Vaisakhi takes over Surrey

Vaisakhi takes over Surrey

SURREY — On Saturday (April 19),  Vaisakhi, one of the most important events on the Sikh religious calendar, returns to the streets of Newton.

For the last 12 years, Surrey’s Vaisakhi parade has been one of the world’s largest of its kind, outside of India. More than 200,000 people congregate on the streets to enjoy decorated floats, live music and free food and drink from local residents and businesses.

For thousands of years, Vaisakhi was traditionally a harvest festival holiday, representing a time when farmers would take their sickles out to harvest and celebrate the coming new year. The event now doubles as a holy day for the Sikh faith, as it marks the creation of the Khalsa and the Sikh identity.

The Khasla was created by Guru Gobind Singh Ji in 1669 when the country faced chaos, corruption and misery. It became a group of people within the community to challenge injustices and preserve the people’s faith in the Sikh religion. The Guru also gifted distinctive clothing and headwear to the Sikh people, known as Bana, or the Five Ks. They are Kesh (unshorn hair), Kangha (the wooden comb), Karra (the iron bracelet), Kirpan (the sword) and Kachera (the underwear).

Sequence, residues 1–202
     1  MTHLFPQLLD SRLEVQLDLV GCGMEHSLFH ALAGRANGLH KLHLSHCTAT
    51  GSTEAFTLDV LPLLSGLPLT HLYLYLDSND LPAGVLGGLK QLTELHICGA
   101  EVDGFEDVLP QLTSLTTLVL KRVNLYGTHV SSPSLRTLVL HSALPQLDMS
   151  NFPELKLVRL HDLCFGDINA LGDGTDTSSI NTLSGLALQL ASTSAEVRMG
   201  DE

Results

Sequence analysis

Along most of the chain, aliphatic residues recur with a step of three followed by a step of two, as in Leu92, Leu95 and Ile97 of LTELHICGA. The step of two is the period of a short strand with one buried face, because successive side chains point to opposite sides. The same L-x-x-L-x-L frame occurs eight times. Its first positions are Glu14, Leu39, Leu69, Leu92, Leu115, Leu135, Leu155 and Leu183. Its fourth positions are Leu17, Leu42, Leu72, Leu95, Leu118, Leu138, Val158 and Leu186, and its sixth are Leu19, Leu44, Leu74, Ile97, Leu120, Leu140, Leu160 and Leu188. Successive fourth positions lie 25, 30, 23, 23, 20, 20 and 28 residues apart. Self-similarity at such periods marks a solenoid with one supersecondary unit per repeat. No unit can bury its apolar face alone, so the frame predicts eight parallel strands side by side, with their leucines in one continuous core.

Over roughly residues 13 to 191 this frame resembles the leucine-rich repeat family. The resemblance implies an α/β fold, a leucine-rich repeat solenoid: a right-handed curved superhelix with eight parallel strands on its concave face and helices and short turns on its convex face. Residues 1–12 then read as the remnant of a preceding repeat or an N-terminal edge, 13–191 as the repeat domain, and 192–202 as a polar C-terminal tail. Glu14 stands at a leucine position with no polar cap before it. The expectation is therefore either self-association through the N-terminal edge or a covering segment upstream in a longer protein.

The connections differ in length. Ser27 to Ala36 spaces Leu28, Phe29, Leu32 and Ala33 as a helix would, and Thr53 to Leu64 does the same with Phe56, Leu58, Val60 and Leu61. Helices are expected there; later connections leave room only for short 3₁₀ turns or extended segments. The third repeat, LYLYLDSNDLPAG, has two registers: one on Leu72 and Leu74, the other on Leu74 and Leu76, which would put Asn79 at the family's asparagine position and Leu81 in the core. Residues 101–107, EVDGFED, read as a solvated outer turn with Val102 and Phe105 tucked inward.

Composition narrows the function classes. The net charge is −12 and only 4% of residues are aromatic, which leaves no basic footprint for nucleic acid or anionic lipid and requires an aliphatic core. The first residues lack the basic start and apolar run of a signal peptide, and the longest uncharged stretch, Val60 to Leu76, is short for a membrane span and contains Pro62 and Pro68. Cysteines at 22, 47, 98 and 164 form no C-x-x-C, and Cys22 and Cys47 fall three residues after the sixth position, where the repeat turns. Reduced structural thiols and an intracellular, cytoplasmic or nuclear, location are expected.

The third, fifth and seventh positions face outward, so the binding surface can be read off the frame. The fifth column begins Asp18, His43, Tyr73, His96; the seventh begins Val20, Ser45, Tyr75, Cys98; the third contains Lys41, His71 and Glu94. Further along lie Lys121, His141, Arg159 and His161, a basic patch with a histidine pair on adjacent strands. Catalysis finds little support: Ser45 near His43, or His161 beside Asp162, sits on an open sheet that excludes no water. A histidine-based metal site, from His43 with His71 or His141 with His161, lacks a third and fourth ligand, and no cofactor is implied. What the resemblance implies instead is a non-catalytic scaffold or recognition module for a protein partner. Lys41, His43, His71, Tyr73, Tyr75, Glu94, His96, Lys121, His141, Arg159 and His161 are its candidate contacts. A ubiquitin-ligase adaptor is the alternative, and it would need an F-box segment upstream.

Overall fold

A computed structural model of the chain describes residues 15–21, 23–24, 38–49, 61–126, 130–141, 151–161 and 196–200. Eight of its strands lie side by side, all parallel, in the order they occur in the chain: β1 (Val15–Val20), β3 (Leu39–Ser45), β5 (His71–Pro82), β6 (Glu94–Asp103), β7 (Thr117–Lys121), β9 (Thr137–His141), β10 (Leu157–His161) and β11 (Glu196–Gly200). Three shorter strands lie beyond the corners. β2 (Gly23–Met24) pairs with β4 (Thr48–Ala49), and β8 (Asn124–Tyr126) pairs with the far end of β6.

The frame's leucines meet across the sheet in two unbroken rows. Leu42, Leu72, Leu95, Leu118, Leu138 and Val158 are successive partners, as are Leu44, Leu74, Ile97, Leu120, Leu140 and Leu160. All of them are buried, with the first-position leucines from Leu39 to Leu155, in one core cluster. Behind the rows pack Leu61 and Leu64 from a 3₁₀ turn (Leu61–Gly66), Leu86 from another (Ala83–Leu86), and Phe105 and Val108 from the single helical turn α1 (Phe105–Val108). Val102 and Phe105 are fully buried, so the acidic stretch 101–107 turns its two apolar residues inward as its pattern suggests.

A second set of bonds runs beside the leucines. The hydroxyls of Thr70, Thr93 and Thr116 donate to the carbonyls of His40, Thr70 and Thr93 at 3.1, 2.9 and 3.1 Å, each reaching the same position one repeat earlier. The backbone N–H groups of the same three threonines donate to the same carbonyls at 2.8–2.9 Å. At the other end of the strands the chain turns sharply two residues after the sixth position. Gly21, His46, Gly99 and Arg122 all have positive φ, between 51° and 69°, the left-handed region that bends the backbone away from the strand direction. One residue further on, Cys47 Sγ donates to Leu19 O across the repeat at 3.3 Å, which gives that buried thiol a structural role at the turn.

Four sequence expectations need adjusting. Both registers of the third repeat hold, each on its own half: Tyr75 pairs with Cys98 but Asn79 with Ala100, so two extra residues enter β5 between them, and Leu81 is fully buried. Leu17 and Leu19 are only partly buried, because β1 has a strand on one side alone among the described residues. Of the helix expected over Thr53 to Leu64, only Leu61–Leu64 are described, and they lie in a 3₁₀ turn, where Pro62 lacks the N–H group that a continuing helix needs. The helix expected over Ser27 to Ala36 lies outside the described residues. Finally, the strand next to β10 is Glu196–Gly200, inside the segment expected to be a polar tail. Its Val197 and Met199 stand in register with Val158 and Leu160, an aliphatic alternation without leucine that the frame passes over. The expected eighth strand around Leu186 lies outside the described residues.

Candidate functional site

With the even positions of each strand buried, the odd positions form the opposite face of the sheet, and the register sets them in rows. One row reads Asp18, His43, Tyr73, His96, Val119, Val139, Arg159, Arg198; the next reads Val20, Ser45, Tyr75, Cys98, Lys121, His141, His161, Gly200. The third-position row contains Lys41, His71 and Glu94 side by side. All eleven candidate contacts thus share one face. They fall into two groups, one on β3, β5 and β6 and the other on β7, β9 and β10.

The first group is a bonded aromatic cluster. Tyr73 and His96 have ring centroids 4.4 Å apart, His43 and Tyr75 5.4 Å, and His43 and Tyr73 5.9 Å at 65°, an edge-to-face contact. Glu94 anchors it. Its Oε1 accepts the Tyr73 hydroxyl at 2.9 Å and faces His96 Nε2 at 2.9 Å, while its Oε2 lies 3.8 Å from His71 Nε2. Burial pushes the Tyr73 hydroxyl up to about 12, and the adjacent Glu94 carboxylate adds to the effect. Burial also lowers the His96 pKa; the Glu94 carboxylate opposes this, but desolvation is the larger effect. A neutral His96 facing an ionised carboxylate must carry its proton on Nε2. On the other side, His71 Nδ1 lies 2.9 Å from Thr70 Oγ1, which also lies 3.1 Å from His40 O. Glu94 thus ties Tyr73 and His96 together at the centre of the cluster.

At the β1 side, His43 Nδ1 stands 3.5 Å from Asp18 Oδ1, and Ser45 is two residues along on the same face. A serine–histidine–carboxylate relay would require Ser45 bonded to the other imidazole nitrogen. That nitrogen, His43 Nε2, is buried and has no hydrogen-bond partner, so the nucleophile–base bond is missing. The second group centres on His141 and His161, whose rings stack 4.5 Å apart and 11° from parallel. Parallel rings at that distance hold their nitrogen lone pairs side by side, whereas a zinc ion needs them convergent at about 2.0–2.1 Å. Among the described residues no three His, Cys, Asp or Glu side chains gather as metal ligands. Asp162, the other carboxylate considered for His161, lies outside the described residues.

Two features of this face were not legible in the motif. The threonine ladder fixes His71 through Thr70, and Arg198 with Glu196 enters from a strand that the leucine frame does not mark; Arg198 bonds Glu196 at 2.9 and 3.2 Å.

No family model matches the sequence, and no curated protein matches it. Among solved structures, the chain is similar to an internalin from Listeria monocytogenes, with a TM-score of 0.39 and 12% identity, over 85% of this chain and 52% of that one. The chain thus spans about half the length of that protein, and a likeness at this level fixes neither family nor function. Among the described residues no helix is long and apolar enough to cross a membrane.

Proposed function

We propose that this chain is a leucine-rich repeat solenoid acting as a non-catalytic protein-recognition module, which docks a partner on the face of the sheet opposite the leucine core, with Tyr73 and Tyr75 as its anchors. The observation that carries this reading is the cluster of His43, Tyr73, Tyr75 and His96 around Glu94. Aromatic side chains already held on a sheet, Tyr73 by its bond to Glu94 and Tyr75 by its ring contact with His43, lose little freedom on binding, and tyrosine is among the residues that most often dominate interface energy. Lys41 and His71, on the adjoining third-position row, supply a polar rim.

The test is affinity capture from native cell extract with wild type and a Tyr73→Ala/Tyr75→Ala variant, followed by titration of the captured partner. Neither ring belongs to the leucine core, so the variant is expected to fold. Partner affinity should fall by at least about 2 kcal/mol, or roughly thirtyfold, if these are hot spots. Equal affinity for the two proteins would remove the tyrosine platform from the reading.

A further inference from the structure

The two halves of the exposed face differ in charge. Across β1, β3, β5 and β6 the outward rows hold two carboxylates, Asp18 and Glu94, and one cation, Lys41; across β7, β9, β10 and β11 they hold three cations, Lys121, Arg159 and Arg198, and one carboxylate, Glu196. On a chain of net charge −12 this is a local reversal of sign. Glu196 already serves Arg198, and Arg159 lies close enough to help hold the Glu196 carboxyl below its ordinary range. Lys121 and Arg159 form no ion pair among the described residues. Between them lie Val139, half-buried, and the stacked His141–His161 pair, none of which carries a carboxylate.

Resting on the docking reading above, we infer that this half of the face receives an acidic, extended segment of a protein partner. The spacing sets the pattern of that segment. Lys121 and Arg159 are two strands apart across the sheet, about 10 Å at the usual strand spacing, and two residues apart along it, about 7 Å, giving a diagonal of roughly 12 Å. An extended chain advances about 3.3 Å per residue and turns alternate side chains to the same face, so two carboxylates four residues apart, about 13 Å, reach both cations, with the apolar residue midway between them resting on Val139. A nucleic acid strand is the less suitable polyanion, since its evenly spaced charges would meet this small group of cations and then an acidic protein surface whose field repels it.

RCMP Sgt. Dale Carr, in charge of policing special events, will be handling the security at the parade. Carr doesn’t expect too many changes in terms of policing the parade.

“It’s pretty much the same that we’ve done in the past years,” said Carr. This means the shutting down of several Surrey streets to prevent vehicular traffic along the parade’s route. As a result, 128th Street will be closed from 85th to 76th Avenue, as well as 124th Street spanning 82nd to 74th Avenue.

A number of officers, traffic control persons and security will be placed at 57 spots along this route.

With up to 250,000 people anticipated to attend the parade, Carr says that he doesn’t expect any fights or major disturbances.

“In the past four to five years, we’ve never had any problems with people, or in gaining compliance,” he said. “We take into consideration what’s gone in the past and we mix this with intelligence that we gather throughout the year … to determine the number of resources we need on the ground to adequately police it and to ensure both traffic and public safety.”

In terms of provocation from potentially controversial floats, Carr said police do an inspection of each of the floats leading up to the parade to ensure the removal of any offending material that doesn’t match the Vaisakhi committee criteria.

The annual Vaisakhi parade will take place this Saturday, April 19. The parade will kick off at 9:30 a.m. at the Gurdwara Sahib Dasmesh Darbar, located at 12885 85th Ave. For more details, visit